Volumes were again low, however, as most investors preferred to remain on the sidelines ahead of a crucial European summit. The FTSE 100 index closed up 76.96 points, or 1.4 per cent, at 5,523.92 points, recapturing the 5,500 level, on trading volume of just 67 per cent of the 90-day daily average.
US blue chips were up 0.6 per cent by London’s close, after both durable goods orders and pending home sales for May beat market expectations, providing hope for the moribund US economy after a run of disappointing data.
Building materials groups CRH and Wolseley saw strong gains following the US data, adding 4.2 per cent and 3.7 per cent respectively, with both heavily exposed to the US housing market.
“We have seen steady inclines ... as US durable goods orders and pending home sales were better than expected although don't be surprised if the rally quickly runs out of steam as investors cautiously lock in some profit in this very nervy trading environment,” said Jordan Lambert, trader at Spreadex.
Investors were mainly focused on the EU summit in Brussels on 28-29 June, although hopes that the meeting will yield any real solution to the Eurozone debt crisis remained low.
German Chancellor Angela Merkel said yesterday that there were no quick or easy solutions to end the debt crisis and leaders should avoid making rash promises they could not keep.
Energy stocks provided the main strength for the FTSE 100 rally as crude prices jumped after the above forecast US data improved the demand picture for commodities.
Miners also recovered from earlier falls in tandem with copper prices following the US data.
Commodities trader Glencore, however, missed out on the rally, losing 1.5 per cent on doubts about its planned $26bn takeover of Xstrata after Qatar’s sovereign wealth fund – Xstrata's second-largest shareholder – asking for better terms.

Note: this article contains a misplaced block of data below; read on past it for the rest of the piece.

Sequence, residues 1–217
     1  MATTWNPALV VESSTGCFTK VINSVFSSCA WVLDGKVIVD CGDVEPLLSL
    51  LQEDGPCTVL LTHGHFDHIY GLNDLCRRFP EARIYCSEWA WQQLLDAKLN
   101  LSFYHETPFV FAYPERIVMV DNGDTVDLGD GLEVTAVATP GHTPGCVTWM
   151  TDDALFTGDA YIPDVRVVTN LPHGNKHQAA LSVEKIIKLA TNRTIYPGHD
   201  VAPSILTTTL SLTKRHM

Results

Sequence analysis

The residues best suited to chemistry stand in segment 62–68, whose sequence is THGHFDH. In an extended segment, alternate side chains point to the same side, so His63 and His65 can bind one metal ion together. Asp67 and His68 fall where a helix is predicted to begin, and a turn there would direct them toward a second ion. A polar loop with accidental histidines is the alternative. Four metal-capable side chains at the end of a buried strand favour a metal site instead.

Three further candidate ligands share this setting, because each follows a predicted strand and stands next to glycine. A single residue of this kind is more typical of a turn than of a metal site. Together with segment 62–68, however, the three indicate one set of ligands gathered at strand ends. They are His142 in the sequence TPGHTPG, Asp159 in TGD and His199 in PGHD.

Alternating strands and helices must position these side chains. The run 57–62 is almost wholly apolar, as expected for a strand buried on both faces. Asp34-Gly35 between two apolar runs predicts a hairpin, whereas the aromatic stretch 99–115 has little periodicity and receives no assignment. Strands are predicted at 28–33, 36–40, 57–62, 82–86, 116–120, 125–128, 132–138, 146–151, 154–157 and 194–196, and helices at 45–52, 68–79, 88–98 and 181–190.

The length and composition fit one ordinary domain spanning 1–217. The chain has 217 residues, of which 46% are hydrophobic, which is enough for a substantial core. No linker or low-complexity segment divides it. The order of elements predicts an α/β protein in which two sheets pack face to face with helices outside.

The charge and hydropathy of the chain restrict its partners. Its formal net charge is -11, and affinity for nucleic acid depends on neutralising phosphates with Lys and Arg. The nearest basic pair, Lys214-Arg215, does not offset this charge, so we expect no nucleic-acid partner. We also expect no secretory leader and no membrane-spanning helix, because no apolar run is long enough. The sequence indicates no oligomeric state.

Xstrata added 1.4 per cent as shareholders bet on whether or not Glencore would consider changing the terms of its deal.
“I would be looking to buy Xstrata stock on weakness this morning. I don’t personally believe that Glencore will walk away,” said Securequity sales trader Jawaid Afsar.
Banks were also strong blue-chip performers, bouncing back after recent sharp falls, led by Lloyds Banking Group, up 3.5 per cent.
Fledgling banking venture NBNK said it had made a new proposal to buy 632 branches from the bank ahead of a scheduled Lloyds board meeting later last night.
Standard Chartered was also in demand, up 3.1 per cent after a reassuring trading update.
Ex-dividend factors accounted for the top blue chip faller, ICAP down four per cent. Tate & Lyle, Next and Compass Group all also traded without entitlement to their latest dividend payout yesterday, clipping 1.59 points overall off the FTSE 100 index.
“Long-only funds are on the sidelines with nowhere for their cash to go. Hedge funds are playing macro themes that don't include equities. Bank prop books are an endangered species, so that only leaves day traders and HFT’s (high frequency traders) to battle it out,” said one London-based trader.